﻿ Python: Find a missing number from a list - w3resource

# Python Challenges: Find a missing number from a list

## Python Challenges - 1: Exercise-7 with Solution

Write a Python program to find a missing number from a list.

Explanation:

Sample Solution:-

Python Code:

``````def missing_number(num_list):
return sum(range(num_list[0],num_list[-1]+1)) - sum(num_list)

print(missing_number([1,2,3,4,6,7,8]))

print(missing_number([10,11,12,14,15,16,17]))
```
```

Sample Output:

```5
13
```

Flowchart:

## Visualize Python code execution:

The following tool visualize what the computer is doing step-by-step as it executes the said program:

Python Code Editor:

What is the difficulty level of this exercise?

Test your Python skills with w3resource's quiz

﻿

## Python: Tips of the Day

Python: Kwargs

**kwargs and *args are function arguments that can be very useful.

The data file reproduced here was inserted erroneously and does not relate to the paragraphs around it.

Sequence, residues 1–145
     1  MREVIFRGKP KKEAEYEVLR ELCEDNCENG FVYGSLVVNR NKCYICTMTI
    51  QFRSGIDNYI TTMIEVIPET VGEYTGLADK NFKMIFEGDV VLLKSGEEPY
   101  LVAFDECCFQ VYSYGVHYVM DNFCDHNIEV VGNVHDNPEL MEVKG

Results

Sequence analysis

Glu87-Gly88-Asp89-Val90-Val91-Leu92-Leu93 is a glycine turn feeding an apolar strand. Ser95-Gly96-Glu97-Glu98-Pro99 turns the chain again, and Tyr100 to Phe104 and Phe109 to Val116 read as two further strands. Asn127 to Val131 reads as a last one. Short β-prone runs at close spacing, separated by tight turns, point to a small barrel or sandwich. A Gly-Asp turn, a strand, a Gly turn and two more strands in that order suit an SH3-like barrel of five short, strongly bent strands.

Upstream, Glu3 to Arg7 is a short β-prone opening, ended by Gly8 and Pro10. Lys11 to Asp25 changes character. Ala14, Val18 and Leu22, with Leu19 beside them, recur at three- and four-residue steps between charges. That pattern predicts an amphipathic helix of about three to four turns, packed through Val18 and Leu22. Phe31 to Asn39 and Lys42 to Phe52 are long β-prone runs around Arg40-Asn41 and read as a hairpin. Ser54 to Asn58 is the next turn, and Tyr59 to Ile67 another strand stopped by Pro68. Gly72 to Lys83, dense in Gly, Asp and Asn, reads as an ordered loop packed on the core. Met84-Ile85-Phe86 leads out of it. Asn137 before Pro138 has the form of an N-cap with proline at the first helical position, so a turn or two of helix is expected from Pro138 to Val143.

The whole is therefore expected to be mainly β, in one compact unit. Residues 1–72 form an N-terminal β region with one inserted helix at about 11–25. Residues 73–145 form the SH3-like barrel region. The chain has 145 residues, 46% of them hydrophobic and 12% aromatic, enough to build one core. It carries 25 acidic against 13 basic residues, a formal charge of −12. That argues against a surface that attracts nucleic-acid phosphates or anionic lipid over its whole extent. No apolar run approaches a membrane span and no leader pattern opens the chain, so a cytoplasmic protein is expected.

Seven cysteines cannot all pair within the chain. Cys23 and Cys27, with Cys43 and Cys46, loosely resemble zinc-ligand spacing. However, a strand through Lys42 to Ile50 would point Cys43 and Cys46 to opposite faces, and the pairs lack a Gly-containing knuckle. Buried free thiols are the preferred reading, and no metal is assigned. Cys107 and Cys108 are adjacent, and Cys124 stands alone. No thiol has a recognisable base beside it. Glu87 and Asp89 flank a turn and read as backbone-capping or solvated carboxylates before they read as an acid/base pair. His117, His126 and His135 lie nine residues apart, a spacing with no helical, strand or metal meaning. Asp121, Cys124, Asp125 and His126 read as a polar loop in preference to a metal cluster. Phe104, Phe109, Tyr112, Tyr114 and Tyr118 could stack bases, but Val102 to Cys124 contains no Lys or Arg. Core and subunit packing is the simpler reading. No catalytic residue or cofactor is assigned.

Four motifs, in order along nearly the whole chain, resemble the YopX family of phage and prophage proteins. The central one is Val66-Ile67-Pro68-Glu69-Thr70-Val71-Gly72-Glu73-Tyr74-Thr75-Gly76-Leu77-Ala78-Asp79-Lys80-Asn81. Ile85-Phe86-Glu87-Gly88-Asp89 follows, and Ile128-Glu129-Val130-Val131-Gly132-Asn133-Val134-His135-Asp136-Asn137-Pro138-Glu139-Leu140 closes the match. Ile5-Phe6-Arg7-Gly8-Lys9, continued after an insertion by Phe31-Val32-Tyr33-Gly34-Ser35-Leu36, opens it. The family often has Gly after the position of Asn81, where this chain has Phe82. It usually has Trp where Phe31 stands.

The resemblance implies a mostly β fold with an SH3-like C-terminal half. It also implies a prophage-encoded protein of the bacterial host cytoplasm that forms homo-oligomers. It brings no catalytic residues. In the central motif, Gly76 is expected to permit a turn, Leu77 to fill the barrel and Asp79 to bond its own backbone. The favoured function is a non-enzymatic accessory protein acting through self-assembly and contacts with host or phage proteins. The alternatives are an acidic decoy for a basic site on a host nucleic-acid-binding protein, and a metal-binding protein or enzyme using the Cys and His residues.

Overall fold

They are quite underused and often under-understood as well.

Let's try to explain what kwargs are and how to use them.

• While *args are used to pass arguments at an unknown amount to functions, **kwargs are used to do the same but with named arguments.
• So, if *args is a list being passed as an argument, you can think of **kwargs as a dictionary that's being passed as an argument to a function.
• You can use arguments as you wish as long as you follow the correct order which is: arg1, arg2, *args, **kwargs. It's okay to use only one of those but you can't mix the order, for instance, you can't have: function(**kwargs, arg1), that'd be a major faux pas in Python.
• Another example: You can do function(*args,**kwargs) since it follows the correct order.
• Here is an example. Let's say satelites are given with their names and weight in tons in dictionary format. Code prints their weight as kilograms along with their names.
```def payloads(**kwargs):
for key, value in kwargs.items():
print( key+" |||", float(value)*100)
payloads(NavSat1 = '2.5', BaysatG2 = '4')
```

Output:

```NavSat1 ||| 250.0
BaysatG2 ||| 400.0```

Since the function above would work for any number of dictionary keys, **kwargs makes perfect sense rather than passing arguments with a fixed amount.

```def payloads(**kwargs):
for key, value in kwargs.items():
print( key+" |||", float(value)*100)

sats={"Tx211":"3", "V1":"0.50"}
```Tx211 ||| 300.0